Drivers rage: ‘If your machines won’t give change, at least make the charges round figures’
Some local councils are still raking in tens of thousands of pound every year by continuing to use parking ticket machines and meters that don’t give change.
It’s an issue that annoys drivers up and down the country, despite there being viable alternatives available to car park operators, a national car leasing company says.
According to the Flexed.co.uk company, some motorists are accusing their local authorities of deliberately setting parking fees to awkward amounts per hour, making it all the more likely that they pull in more money than has actually been paid for.
“When you stand back and think about it, it’s a proper rip-off,” says Flexed.co.uk spokesman Mark Hall. “It’s maddening when they charge an odd figure like 60p for an hour’s parking, knowing full well that most drivers will probably only have a pound coin.”
“Those extra 40p charges soon add up.”
And they do – according to a report last year, local authorities raise up to £10 million annually by not giving change from parking machines. According to the Daily Mirror, Wiltshire Council came out top, overcharging to the tune of £723,000 in 2013.
Drivers finding themselves – literally – short-changed were outraged by councils who refuse to give more sensible options for parking.
- Rita, 31, said: “I’m only popping into one shop. It’s 40p per hour and I’ve only got a pound coin. Daylight robbery.”
That was a theme that was repeated by many drivers spoken to by Flexed.co.uk as they searched for the right change to park their vehicles in a pay and display car park.
- Amir, 23, told us: “It’s easy money for them, isn’t it? If your machines won’t give change, at least make the charges round figures.”
- Martin, 58 told Flexed.co.uk: “I know for a fact that other councils have machines that don’t give change, but at least give you what you’ve paid for. You put in a quid and get a quid’s parking. Why can’t they do that here?”
Flexed.co.uk ‘s Mark Hall says: “Martin’s got a point. While some authorities are inflexible and only rent out that parking space for whole hours and pocket the rest of your fee, others that don’t give change have at least adapted their machines so you get what you’ve paid for.”
Unfortunately, Hall says, it’s pretty much a lottery whether you have to pay for a whole hour at a time; get what you’ve paid for; or hit the jackpot with a car park that gives change.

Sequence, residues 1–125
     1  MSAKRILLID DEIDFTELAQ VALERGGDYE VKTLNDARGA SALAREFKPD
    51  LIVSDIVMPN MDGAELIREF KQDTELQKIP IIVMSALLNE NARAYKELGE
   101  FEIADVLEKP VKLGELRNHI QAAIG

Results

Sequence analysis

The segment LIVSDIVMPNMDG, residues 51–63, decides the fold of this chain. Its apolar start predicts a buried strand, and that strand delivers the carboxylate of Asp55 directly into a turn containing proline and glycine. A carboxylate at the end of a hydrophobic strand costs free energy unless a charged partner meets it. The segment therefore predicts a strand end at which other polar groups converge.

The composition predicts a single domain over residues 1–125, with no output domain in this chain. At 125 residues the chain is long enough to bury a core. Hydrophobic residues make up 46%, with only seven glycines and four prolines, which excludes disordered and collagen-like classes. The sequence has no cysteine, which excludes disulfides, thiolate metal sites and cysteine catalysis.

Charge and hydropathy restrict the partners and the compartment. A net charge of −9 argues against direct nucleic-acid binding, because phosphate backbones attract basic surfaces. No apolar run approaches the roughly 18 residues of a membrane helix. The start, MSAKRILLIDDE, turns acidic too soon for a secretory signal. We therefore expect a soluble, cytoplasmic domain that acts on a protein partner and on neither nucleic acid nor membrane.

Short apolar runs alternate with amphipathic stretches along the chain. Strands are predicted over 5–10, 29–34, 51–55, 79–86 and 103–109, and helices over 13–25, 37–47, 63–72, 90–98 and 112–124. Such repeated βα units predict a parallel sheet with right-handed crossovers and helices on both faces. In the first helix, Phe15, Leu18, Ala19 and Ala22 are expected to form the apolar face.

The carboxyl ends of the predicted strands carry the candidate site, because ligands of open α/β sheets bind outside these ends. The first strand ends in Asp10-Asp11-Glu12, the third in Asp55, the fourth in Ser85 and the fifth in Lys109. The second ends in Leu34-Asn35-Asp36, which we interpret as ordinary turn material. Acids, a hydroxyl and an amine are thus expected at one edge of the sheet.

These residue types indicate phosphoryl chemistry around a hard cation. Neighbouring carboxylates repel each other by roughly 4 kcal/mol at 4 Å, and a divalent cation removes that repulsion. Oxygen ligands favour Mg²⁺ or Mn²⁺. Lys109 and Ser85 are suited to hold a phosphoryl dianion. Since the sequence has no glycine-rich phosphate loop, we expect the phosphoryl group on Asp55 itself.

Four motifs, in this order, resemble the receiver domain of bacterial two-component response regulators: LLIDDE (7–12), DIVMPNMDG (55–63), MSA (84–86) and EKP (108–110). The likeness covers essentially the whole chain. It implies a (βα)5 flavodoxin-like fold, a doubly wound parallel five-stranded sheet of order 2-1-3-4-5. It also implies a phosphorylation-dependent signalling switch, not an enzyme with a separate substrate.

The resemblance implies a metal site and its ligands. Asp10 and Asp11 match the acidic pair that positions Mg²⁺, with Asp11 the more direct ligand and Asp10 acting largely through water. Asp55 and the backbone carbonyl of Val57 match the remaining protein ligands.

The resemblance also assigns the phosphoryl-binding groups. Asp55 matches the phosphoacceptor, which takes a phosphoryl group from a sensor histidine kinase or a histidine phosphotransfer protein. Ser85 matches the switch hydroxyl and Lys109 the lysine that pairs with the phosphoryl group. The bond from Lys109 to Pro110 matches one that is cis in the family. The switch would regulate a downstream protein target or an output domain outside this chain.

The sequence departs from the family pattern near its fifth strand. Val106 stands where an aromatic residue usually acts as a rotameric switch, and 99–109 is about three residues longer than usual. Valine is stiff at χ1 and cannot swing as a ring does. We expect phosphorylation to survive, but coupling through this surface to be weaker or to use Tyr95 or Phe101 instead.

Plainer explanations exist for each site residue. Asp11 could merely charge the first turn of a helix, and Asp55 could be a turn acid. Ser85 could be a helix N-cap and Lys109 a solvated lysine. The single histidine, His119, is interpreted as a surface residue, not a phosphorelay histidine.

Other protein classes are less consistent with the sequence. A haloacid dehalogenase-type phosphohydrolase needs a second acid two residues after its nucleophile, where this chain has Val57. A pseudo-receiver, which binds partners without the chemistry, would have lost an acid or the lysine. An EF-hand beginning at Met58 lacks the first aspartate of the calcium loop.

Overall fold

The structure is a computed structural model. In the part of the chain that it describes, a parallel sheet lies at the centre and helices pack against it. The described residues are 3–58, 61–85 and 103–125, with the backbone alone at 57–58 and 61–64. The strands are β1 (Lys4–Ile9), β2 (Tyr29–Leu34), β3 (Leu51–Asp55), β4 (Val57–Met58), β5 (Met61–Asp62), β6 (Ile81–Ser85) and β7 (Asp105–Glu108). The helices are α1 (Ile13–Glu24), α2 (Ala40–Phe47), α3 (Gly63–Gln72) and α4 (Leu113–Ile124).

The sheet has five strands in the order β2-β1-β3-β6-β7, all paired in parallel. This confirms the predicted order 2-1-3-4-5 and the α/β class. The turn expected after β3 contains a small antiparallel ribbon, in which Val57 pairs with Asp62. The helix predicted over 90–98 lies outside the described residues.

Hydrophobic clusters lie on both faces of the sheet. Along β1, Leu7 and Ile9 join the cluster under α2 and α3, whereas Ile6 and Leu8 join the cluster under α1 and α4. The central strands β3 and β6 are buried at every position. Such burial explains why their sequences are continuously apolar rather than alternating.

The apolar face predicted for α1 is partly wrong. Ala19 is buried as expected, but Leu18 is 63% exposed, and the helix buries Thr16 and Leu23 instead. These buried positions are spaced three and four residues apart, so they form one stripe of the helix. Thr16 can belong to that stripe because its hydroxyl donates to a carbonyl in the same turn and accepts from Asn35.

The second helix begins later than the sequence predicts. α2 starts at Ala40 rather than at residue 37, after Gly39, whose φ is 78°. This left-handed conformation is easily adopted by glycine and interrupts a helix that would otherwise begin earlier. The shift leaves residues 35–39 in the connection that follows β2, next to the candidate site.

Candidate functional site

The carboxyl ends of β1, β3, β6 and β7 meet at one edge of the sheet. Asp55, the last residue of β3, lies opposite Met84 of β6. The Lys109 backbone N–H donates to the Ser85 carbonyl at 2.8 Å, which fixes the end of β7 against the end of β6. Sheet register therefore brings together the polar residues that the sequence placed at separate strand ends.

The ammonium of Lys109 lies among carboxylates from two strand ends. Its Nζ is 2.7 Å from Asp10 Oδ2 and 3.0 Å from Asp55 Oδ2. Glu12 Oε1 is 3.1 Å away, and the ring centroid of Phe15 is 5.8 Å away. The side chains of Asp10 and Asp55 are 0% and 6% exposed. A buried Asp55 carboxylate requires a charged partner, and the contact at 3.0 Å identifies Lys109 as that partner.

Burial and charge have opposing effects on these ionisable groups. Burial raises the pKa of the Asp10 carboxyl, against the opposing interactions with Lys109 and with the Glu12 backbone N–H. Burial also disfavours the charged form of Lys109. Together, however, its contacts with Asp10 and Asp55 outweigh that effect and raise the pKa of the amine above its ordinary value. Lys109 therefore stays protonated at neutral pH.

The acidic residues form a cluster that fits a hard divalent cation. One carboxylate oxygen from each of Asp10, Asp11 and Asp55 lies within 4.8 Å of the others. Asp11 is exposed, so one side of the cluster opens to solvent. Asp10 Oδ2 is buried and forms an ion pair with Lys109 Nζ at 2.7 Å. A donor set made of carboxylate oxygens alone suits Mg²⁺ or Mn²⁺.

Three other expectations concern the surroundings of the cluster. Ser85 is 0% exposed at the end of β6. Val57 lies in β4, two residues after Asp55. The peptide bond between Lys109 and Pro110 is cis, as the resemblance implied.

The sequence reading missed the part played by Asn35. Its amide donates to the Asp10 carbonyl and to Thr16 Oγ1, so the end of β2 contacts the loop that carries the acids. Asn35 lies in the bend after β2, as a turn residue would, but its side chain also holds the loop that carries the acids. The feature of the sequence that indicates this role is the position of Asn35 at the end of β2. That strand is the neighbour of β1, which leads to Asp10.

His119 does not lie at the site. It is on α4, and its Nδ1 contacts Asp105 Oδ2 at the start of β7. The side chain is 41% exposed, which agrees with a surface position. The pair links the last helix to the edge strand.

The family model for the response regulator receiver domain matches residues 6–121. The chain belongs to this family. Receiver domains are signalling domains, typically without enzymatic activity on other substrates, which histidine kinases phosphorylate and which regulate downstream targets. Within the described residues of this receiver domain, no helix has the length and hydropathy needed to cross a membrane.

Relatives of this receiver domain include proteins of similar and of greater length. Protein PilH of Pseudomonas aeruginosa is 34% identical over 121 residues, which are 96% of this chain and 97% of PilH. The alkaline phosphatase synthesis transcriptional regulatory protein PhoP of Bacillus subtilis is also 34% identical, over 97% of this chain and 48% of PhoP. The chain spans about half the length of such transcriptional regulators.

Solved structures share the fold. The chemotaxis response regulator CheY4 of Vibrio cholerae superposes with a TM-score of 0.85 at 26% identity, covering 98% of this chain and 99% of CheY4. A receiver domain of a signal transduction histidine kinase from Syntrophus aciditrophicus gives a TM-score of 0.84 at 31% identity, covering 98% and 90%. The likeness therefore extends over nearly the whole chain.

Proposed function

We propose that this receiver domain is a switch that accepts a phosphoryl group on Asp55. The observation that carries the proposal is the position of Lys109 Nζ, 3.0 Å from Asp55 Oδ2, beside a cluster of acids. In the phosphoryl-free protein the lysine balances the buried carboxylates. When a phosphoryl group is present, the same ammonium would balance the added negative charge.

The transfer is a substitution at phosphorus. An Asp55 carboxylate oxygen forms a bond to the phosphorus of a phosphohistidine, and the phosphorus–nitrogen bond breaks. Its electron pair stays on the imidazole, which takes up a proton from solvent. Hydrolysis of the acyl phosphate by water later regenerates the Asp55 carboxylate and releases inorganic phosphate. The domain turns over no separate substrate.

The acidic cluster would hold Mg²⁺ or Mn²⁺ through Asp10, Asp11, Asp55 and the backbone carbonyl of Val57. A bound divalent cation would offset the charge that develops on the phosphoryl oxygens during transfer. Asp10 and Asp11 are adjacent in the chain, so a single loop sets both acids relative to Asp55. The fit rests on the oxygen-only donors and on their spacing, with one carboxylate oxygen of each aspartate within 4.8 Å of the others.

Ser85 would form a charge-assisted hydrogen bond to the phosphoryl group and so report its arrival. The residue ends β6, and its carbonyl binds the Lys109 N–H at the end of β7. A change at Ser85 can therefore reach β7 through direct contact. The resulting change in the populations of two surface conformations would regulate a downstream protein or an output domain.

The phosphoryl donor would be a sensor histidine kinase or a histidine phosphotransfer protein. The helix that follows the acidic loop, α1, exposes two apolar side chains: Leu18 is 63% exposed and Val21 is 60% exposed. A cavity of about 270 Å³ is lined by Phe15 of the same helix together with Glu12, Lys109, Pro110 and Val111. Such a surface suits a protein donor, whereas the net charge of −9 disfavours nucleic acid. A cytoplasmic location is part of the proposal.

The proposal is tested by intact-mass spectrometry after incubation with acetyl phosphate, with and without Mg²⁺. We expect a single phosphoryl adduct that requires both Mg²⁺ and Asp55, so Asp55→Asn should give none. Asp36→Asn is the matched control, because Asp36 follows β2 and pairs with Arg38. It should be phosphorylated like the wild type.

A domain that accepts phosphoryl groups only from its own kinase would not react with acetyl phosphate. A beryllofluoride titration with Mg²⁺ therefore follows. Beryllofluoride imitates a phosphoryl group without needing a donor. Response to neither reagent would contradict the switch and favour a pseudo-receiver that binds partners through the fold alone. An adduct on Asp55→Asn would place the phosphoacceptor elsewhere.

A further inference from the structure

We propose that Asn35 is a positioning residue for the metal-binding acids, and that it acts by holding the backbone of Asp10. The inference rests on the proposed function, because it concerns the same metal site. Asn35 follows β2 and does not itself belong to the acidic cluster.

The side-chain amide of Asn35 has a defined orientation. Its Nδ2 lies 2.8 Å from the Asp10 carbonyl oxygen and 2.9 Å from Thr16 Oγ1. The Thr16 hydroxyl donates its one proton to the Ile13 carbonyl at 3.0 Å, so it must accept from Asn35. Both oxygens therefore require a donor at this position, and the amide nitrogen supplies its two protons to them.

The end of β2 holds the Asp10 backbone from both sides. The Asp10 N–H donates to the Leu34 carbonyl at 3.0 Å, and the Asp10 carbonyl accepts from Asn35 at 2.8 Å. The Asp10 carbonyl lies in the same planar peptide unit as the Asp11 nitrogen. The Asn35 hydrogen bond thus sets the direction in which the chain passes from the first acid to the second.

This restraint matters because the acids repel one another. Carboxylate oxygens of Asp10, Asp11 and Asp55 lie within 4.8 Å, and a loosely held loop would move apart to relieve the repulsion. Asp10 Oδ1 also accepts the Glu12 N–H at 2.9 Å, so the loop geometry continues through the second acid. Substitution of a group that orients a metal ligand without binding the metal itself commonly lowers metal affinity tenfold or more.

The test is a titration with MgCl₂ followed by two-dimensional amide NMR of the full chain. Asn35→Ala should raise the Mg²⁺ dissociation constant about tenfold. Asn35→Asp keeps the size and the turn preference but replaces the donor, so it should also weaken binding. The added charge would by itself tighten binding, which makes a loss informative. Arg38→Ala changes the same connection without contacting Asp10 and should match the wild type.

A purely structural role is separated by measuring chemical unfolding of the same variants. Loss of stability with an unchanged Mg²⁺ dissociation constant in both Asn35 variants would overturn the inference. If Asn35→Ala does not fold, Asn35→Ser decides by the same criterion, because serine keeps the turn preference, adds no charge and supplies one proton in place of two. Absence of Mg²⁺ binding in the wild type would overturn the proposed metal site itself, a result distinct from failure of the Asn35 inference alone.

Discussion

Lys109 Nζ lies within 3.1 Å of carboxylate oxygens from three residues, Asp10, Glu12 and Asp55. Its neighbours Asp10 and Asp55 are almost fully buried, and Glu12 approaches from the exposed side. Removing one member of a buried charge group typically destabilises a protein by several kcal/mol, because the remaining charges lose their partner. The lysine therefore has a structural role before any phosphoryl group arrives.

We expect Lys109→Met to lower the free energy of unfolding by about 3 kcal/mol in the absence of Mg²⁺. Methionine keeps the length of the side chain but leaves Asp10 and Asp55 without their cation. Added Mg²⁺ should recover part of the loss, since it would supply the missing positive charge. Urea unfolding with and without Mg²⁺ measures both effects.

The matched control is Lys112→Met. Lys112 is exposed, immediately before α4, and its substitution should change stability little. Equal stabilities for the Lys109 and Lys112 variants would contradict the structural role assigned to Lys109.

“It’s truly irritating for drivers and a real source of frustration. One of our staff has got to the point where he researches council car parks on the internet before he drives anywhere, and puts aside the right change, just in case. It’s crazy, you shouldn’t have to do that.”
The emergence of parking apps for smartphones may eventually end this problem for council areas that refuse to update their parking machine cash cows, but this comes with its own set of problems, Flexed.co.uk says.
“Number one of these is people who have yet to make the jump to new technology,” says Hall, “Elderly motorists in particular don’t have the confidence to use remote payments, leaving them stuck with greedy parking machines robbing them blind.”
The second problem with parking apps is the number of services available.
- One driver told Flexed: “Parking apps ought to be really convenient, but they are a horror to use. Half the time they forget your card number, or you’re driving a different car, so you have to stand by the machine entering your details all over again. …And there are four different apps covering parking in my home town. I’ve actually got a folder on my phone specifically for them.”
With many people still uncomfortable about giving bank card details to a phone app service they barely trust, it’s clear that greedy pay and display ticket machines are here to stay for the time being.
“Many people think there’s a war on motorists conducted by governments and local councils,” says Hall. “And the fact that so many authorities are ripping off drivers like this makes them believe it to be true.”
“Motorists deserve a fair deal, even on 40p’s worth of parking.”